The second year, the returning members did a fall show that brought in a lot of new students, but also gave them a head start on putting ideas for an act together. Having so many people who already had strong and unique ideas made Big Show 6 a really diverse show. I remember feeling confident about approaching my second act with the club, as I was starting to learn what kind of dancer I wanted to be and what kinds of themes I wanted to bring to my performances. I even got to try my hand at leading a workshop for the new members. I really hope that I can give as much back to that club as it gave to me.
I’m giving the pro thing a go because GalHaus taught me how much I loved burlesque and wanted to keep doing it. That kind of drive and inspiration is hard to come by, but GalHaus has it in spades. I hope the professional community continues to keep an eye on future Big Shows, because the people who stay in Baltimore after graduation have turned out to be some pretty solid performers, and it really prepared me to go out and apply what I learned to other acts. I am truly grateful that I got my start in such a great environment. Cheeki Ho is heading up the club next year, and I am really excited to see how it flourishes under her leadership.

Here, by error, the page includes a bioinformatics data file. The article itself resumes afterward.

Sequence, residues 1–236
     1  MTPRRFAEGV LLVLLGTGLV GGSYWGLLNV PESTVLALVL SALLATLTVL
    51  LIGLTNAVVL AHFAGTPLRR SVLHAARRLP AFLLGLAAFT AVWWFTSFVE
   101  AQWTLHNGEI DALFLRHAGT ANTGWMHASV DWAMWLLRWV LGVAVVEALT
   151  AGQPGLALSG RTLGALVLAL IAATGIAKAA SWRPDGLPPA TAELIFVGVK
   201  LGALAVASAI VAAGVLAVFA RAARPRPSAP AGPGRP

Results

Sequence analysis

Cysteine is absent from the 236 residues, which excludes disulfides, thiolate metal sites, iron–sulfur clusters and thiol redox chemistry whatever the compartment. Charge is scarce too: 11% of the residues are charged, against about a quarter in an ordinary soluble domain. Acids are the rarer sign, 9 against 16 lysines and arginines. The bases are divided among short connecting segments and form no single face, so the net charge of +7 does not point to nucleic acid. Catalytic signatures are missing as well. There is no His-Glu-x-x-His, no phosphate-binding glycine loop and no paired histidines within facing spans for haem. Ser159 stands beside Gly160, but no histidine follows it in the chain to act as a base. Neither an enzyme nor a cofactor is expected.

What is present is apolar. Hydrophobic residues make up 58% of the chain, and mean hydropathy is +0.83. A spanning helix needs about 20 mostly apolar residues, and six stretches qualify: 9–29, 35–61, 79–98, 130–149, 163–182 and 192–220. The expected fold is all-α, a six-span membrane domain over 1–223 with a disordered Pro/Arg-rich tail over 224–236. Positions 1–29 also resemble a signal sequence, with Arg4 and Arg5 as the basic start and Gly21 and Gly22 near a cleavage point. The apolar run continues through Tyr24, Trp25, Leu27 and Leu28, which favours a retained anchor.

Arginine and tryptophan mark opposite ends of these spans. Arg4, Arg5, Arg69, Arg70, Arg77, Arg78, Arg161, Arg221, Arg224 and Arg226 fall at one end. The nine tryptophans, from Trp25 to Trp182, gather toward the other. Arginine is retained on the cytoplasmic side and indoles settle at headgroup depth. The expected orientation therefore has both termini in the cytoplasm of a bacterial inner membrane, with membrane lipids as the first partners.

As a new performer, what are your biggest fears or concerns as you get into burlesque?
I worry about my lack of knowledge and exposure. Other than the GalHaus Review, I haven’t seen a lot of burlesque, and I don’t want to be disrespectful to those who have dedicated so much of their lives to cultivating burlesque locally and internationally. I really want to make it out to more shows so I can see what is out there and learn as much as possible from other dancers. I’m also a little worried about the actual cost of where burlesque might take me. It’s something I can see myself doing a lot of, but the cost of making new acts, traveling, touring, festivals, etc. is a little bit daunting. I tend to throw myself into things out of the sheer joy of it, and am worried that the money side of things might steal some of that spark. Still, I know there are a lot of performers who do it on a much tighter budget, so I just need to network and learn from those people so I can figure it out too. I’m really looking forward to the connections and friendships that are out there waiting to happen through burlesque, though. I just hope I can stay humble while still being the best that I can be.
[Photo Credit: Dorret Oosterhoff]